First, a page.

Southeast initiating plan to upgrade antiquated computer system

Friday, December 19, 2003

Southeast Missouri State University's antiquated computer systems -- some of which are more than a decade old -- have left the school dependent on outdated technology that is increasingly harder to maintain, officials say.

To correct the problem, school officials plan to spend $2.4 million to dump the school's mainframe equipment and software and re-place it with software and servers that will connect offices through an integrated system, making it easier to share information.

While many students already communicate with the university online to look up their grades or register for classes, the new system will also make these tasks easier and provide quicker access, said student government president Adam Schaefer.

The Board of Regents is expected to vote to purchase the computer software and related equipment from SCT Corp., a Philadelphia-based company. The firm is the largest provider of software for universities and colleges, said Dr. Dennis Holt, vice president of administration and enrollment management at Southeast.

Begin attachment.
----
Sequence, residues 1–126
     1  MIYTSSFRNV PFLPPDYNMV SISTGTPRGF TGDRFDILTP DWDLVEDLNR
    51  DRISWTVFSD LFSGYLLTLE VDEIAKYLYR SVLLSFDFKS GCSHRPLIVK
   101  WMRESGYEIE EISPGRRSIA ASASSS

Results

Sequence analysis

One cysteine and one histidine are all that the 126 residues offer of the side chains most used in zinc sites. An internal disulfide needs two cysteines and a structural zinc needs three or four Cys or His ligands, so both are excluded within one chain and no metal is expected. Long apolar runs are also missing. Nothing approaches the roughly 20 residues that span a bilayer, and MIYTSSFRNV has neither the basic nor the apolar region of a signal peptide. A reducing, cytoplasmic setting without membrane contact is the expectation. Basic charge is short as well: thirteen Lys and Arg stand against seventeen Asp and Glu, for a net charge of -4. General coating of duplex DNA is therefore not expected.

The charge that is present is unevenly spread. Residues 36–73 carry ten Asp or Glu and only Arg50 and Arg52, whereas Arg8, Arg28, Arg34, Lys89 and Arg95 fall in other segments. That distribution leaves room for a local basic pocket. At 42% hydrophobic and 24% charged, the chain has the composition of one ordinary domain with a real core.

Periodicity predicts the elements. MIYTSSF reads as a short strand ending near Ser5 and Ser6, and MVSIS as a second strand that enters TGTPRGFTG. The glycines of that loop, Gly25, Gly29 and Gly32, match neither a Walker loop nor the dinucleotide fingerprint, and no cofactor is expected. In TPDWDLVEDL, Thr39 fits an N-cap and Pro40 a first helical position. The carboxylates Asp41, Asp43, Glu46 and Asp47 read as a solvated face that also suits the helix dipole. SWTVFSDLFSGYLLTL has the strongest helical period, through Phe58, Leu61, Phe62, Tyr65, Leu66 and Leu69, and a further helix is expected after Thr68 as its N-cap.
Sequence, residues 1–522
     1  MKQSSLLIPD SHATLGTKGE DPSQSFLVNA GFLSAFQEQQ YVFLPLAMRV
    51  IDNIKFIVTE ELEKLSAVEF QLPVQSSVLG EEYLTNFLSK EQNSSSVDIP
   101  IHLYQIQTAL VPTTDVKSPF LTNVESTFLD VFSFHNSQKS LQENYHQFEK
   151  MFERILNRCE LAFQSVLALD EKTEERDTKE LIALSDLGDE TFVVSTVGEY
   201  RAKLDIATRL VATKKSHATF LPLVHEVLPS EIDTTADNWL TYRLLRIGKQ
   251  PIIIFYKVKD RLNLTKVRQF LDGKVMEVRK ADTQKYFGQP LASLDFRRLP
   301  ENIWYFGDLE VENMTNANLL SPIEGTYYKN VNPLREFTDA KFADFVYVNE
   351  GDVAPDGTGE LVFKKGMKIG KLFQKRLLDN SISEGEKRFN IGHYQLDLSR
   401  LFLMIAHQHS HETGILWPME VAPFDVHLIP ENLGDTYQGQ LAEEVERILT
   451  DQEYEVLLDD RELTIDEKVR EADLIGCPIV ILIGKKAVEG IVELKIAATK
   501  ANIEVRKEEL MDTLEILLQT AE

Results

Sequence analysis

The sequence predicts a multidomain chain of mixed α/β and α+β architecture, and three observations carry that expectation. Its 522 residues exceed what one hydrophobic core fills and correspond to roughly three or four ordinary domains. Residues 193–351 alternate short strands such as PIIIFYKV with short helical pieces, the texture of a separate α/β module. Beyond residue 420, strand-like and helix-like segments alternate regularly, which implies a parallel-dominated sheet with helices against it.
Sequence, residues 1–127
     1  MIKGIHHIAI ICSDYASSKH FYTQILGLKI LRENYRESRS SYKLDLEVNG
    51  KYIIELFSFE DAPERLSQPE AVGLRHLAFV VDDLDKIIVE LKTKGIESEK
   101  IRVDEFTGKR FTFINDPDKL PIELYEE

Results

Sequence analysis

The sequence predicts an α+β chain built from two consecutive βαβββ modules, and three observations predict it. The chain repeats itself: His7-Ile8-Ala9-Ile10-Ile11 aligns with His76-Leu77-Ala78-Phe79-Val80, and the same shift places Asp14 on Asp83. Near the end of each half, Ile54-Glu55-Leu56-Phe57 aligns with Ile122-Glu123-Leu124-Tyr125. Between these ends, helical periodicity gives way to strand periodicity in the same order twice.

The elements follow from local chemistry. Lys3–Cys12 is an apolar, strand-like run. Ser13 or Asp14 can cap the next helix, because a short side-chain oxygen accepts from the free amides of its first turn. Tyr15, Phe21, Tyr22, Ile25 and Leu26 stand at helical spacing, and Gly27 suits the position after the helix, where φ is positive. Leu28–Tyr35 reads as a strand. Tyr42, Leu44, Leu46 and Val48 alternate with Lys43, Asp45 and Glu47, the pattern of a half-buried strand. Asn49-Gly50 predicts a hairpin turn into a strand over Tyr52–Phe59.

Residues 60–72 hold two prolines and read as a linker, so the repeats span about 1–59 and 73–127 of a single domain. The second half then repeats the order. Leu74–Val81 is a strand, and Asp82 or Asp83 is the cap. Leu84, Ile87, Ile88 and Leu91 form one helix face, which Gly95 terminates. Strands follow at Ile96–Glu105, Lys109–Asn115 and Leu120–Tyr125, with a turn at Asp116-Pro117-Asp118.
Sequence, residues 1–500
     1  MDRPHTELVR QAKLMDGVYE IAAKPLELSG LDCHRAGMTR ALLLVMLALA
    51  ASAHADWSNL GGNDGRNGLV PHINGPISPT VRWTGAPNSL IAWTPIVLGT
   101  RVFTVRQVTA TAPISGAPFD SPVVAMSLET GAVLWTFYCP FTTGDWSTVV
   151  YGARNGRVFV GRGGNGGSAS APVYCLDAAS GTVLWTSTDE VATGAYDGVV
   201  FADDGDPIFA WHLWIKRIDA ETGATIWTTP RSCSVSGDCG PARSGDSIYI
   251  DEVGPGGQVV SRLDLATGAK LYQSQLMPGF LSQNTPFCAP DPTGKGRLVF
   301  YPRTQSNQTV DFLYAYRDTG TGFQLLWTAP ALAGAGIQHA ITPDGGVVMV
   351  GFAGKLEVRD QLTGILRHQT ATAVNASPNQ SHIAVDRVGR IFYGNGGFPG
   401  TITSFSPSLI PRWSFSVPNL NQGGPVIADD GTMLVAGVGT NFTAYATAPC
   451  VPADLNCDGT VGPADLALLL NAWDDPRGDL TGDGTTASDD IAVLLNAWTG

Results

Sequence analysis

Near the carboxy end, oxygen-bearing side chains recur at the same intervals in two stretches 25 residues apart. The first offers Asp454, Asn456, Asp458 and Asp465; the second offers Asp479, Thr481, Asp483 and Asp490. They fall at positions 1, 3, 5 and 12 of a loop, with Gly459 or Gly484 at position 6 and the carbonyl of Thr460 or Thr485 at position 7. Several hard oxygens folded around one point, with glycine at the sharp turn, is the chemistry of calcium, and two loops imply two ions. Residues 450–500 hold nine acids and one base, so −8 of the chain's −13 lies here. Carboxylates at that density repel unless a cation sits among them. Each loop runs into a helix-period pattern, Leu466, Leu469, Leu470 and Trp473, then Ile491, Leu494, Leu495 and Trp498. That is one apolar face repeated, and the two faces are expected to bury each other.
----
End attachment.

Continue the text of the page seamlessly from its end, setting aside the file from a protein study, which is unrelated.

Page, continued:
The issue is the major item of business on the agenda for the regents when they meet today at 3 p.m. in the University Center Ballroom.

Holt said the university plans to implement the computer up-grades over the next three years and pay for them over six years.

School officials said the expense will be borne largely through cost savings. Nearly half of the savings would come from eliminating about five computer technician positions through expected retirements. Other savings would come from lower computer maintenance costs and a reduction in printing and copying costs.

Dr. Ken Dobbins, university president, said the financing plan allows the school to make the improvements without raising student fees.

The major upgrade won't be as visible as a "big shiny building," said Holt, but it will affect every major operation on campus, from accounting and financial aid to academic records and student recruitment.

The upgrade will change how the university does business, he said, by allowing the school to reduce its huge volume of paperwork through reliance on electronic documents.

"This is going to be a big change in work style," Holt said.

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